northeastward of Sunken Ledge buoy. When about 1/4 mile past this buoy and Sands Point bears 252o true (W. mag.), steer 266° true (WNW. 34 W. mag.), pass about 14 mile northward of Sands Point, and

pass southward of the red buoy marking Googin Ledge, giving it a berth of over 100 yards.

From westward.–From the whistling buoy 118 miles southsoutheastward of Baker Island Lighthouse, steer 13° true (NNE. 78 E. mag.) for 614 miles, heading for Egg Rock Lighthouse. When Egg Rock whistling buoy is 1/2 mile distant ahead and Great Head bears 266o true (WNW. 34 W. mag.), steer 341° true (N. mag.) for 334 miles, with the west side of Burnt Porcupine Island ahead, to a position 300 yards eastward of Round Porcupine Island. Then follow the directions preceding.

Or, having come from westward through the passage northward of Sutton Island, as described under the directions for South West Harbor on page 103, pass about 200 yards southward of Seal Harbor gas buoy and steer 580 true (ENE. 78 E. mag.) for 212 miles, following the shore of Mount Desert Island at a distance of 14 mile. When 200 yards southward of Otter Cliff Ledge bell buoy, steer 21° true (NE. 12 N. mag.) for 134 miles, passing about 400 yards southeastward of Great Head, to a position 200 yards eastward of Schooner Ledge black buoy. Then steer 353o true (N. by E. mag.) for 314 miles to a position 300 to 500 yards eastward of Round Porcupine Island. Then follow the directions preceding.


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(chart 317), on the eastern side of Frenchman Bay, just inside the entrance, is a frequently used harbor of refuge, with good anchorage in 5 to 9 fathoms (9.1 to 16.5 m.), good holding ground. It is comparatively free from dangers, and although open southward, a heavy sea never enters. Ice seldom interferes with navigation. The principal entrance from southward is deep and free from dangers. Winter Harbor Lighthouse is the principal guide. It can also be entered from northward, close along the western side of Grindstone Neck. The dangers along this channel are marked, but it is used only by local vessels of 12-foot (3.7 m.) or less draft; the aids are colored for vessels bound north; that is, northbound vessels will find black buoys on the port side.

Turtle Island, on the western side of the entrance, is wooded. Turtle Island Ledge, bare at half tide, extends 14 mile off the southwest side of the island.

Mark Island is grassy and marked by Winter Harbor Lighthouse, a white tower connected with dwelling.

Of the islands northward of Turtle and Mark Islands, Ned and Heron Islands are partly wooded, Spectacle Island has a house and a few trees, and the others are grassy or bare rocks. All are surrounded by extensive ledges, bare at various stages of the tide.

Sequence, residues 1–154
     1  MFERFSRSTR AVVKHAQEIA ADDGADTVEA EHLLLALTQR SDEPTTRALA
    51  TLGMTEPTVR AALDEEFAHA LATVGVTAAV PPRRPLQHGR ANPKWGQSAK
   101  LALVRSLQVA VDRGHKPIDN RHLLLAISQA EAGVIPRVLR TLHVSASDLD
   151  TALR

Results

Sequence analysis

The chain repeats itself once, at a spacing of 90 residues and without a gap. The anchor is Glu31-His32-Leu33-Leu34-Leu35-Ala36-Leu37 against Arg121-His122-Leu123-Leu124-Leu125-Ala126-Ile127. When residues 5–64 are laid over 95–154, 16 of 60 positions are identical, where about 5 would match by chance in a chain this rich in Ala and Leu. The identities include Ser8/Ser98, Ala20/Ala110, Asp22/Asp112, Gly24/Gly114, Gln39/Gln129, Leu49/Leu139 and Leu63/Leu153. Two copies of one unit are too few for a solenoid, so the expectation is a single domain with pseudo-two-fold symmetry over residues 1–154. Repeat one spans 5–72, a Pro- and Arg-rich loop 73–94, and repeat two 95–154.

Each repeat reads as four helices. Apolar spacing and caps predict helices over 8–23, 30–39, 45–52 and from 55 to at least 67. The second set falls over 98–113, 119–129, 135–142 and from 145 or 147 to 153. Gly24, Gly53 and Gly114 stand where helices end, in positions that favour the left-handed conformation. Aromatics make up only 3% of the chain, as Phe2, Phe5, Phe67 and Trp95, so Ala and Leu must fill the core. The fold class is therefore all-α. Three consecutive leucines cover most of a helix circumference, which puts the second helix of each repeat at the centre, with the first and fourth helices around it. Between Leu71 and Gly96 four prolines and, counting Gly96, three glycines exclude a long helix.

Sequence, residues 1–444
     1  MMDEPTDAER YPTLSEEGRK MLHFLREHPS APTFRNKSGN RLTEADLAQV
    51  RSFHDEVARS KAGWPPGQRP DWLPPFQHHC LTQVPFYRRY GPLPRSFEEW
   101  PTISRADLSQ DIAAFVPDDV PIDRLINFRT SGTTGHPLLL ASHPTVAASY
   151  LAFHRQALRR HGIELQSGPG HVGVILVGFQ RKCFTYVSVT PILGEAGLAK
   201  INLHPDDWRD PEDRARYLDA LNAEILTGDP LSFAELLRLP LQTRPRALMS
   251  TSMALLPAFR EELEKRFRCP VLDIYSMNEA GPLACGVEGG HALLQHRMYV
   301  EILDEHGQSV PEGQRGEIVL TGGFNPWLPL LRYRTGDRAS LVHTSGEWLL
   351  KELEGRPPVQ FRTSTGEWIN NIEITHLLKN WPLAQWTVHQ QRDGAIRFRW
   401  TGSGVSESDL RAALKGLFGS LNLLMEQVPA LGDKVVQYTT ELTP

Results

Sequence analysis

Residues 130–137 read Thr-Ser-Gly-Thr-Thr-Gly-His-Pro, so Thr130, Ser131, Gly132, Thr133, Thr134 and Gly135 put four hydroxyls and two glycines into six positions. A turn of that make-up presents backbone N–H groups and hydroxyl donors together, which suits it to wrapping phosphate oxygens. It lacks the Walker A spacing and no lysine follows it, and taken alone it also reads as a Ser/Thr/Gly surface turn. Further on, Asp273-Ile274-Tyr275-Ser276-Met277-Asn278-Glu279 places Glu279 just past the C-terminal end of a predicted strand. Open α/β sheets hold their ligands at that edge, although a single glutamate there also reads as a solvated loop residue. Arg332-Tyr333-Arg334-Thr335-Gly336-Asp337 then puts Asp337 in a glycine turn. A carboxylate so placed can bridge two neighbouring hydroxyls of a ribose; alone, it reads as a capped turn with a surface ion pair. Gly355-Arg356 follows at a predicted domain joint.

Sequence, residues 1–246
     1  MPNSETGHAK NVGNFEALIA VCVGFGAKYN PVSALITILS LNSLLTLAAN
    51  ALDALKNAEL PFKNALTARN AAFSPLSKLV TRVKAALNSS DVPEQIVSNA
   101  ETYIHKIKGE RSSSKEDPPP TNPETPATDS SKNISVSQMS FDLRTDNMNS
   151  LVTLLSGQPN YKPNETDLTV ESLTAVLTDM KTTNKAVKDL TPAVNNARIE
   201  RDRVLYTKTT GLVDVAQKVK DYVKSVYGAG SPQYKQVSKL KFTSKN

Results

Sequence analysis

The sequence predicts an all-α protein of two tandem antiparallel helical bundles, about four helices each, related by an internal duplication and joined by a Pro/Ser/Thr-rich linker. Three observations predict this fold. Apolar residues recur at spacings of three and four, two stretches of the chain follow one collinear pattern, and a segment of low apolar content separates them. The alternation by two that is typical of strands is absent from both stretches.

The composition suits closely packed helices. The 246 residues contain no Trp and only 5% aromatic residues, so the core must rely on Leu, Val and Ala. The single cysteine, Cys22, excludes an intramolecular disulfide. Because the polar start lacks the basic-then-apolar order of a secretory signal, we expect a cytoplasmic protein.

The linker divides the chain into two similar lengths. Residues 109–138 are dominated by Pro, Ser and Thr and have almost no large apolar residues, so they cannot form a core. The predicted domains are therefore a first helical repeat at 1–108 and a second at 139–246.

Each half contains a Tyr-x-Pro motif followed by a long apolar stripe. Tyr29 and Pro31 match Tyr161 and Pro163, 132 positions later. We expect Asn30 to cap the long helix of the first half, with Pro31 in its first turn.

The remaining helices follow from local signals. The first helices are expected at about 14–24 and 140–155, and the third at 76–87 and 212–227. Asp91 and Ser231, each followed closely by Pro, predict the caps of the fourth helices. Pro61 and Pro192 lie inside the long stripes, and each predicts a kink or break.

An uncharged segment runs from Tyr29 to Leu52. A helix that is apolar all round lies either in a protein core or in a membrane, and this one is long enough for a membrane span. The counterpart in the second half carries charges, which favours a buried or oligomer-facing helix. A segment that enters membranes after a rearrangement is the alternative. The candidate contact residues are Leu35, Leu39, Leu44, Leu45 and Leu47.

Grindstone Neck, forming the west side of Winter Harbor, is wooded, but has many cottages and hotels visible. A standpipe on

, the highest point is prominent. The wharf on the west side 1 mile above the south end is in ruins.

Grindstone Ledge, extending 400 yards southward from Grindstone Neck, is bare at half tide and marked by a spindle. There is a red buoy a little southward of the end of the ledge.

Sand Cove, on the northwest side, at the head of Winter Harbor, is the usual and best anchorage. The wharf on the western side has a depth of 14 feet (4.3 m.) at the end, but was in bad repair in 1926. A yacht club and landing on the west side of the cove are prominent.

Winter Harbor is a town on the two coves at the head of Winter Harbor. Winter Harbor Cove, the westerly of the two coves, is the most frequently used anchorage for local fishing boats, and is generally fully occupied. The wharves are bare at low water. A spindle and red buoy mark a ledge on the north side at the entrance; the mid-channel is clear inside. Gasoline and provisions are obtainable.

The automobile ferry between Bar Harbor and Winter Harbor lands at Hammond Cove.

Directions, Winter Harbor.— The entrance to Winter Harbor from southward is deep and clear. Vessels can steer for Winter Harbor Lighthouse on any course between 339o true (N. 14 W. mag.) and 21° true (NE. 12 N. mag.). They should pass at least 300 yards eastward of the lighthouse and steer north-northeastward for 34 mile until inside the harbor, and then more northward, following the western shore into the middle of Sand Cove. Anchorage can be selected in the cove according to draft. If bound to the village, the north-northeasterly course from 300 yards off Winter Harbor Lighthouse can be continued until between the red and the black buoys at the entrance to the coves at the head. Then haul westward, pass southward of the red buoy on the north side at the entrance to the inner harbor, and enter in midchannel.